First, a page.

As Tallahassee’s rough exterior layers begin to peel away during their moment of undead respite at Bill Murray’s mansion, Harrelson’s experience as a dramatic actor comes into play, making the scene far more believable than it has any right to be.
Jesse Eisenberg on the other hand solidifies his reputation as a Michael Cera clone in the role of Columbus, working through the familiar ‘awkward-nerdy-teen-with-a-heart-of-gold’ shtick that has since earned Cera a typecast glass ceiling.
Jesse Eisenberg stars in Columbia Pictures’ ‘Zombieland’. Source: Sony Pictures.
However Columbus’ quirky traits and social ineptitude do bring something new to a zombie genre overpopulated with tough-guy Ving Rhames characters, successfully bridging the genre’s old-school conventions with a new generation audience.
Battle hardened and valuing survival above all, the sisters also play on a reversal of zombie genre conventions. Their ambiguous motivations remain until the closing frames of the film, keeping the characters as unpredictable as possible.
The real star of Zombieland however is director Ruben Fleischer. His enthusiasm and impressive visual flair is a joy to watch on screen as he hacks and slashes his way into the hearts of zombie fanboys everywhere.
Fleischer’s impressively original zombie kills, explosive action set pieces, pitch-perfect comedic timing, and focus on character in equal proportion to action make Zombieland one of the more enjoyable modern zombie films, in a genre now muddied by mediocrity and direct-to-DVD releases.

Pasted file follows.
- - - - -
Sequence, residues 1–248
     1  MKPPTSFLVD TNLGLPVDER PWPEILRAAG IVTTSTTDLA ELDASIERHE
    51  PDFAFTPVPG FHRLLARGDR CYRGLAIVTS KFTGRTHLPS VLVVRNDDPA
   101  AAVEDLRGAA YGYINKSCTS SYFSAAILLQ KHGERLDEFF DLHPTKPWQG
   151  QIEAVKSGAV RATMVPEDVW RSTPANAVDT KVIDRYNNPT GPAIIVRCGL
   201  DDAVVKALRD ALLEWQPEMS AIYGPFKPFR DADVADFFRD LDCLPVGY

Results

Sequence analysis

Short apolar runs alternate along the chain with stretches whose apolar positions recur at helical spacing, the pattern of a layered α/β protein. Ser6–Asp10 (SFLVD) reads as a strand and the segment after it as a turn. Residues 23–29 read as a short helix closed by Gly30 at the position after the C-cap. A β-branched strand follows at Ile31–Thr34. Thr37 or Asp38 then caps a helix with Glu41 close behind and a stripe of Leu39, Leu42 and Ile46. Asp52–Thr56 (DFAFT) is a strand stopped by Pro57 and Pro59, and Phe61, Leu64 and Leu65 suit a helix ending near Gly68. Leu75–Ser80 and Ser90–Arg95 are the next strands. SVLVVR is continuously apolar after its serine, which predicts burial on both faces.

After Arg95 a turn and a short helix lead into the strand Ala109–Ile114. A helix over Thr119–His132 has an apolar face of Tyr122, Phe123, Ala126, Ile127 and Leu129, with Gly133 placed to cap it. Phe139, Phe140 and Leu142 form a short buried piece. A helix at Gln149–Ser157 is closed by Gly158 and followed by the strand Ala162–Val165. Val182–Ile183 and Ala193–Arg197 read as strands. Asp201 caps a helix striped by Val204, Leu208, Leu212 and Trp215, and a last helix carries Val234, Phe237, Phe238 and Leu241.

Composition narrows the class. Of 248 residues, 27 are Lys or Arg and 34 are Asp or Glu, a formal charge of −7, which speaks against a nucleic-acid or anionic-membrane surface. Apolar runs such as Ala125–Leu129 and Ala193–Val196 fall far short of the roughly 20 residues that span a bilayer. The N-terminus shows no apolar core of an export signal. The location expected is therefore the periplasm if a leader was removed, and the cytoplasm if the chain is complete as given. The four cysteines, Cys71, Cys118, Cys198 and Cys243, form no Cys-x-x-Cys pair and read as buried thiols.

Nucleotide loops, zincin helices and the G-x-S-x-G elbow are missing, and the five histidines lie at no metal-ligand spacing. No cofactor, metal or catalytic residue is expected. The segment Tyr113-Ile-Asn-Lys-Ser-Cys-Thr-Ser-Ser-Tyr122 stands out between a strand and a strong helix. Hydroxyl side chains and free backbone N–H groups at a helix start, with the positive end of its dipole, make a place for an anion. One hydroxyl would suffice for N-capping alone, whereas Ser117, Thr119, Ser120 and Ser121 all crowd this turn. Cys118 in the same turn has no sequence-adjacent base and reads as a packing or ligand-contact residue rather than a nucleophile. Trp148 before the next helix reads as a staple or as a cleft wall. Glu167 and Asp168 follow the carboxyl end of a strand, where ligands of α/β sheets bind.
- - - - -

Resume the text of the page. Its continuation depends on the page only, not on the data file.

Fleischer toes the line between comedy and horror perfectly by never making the zombies a part of the joke, instead depicting them true to form as ferocious and deadly.
While Shaun of the Dead – Zombieland’s obvious point of reference – embraced the absurdity of a zombie apocalypse with equally absurd situations (the record throwing scene comes to mind) Zombieland instead plays it straight, adding an unexpected emotional weight to the film’s third act.
Taking place in a zombie-infested amusement park, the third act especially highlights the visual flair Fleischer brings to Zombieland.
Amid the flashing lights and carnival music, Tallahassee lets loose his zombie-killing rage, using the amusement park rides as his own personal shooting range in a lengthy scene that is a joy to behold.
Fleischer’s coverage and composition of the scene is expertly executed, relatively free of mistake hiding shaky-cam and most of all easy to follow through roller coasters and carnival booths.
The cheese does get a bit thick late in the film, with its overwrought themes of family and love. However, after the zombie killing spree just witnessed at the hands of Tallahassee, Fleischer could have rounded out the film with a twenty minute monologue about the importance of the family unit and I’d still walk out of the theatre with a smile from ear-to-ear.
With Zombieland, Ruben Fleischer hasn’t crafted a great zombie film or a great comedy film, but a great film period.
He has established himself as a director to watch, in the meantime breathing new life into Woody Harrelson’s already illustrious and varied career.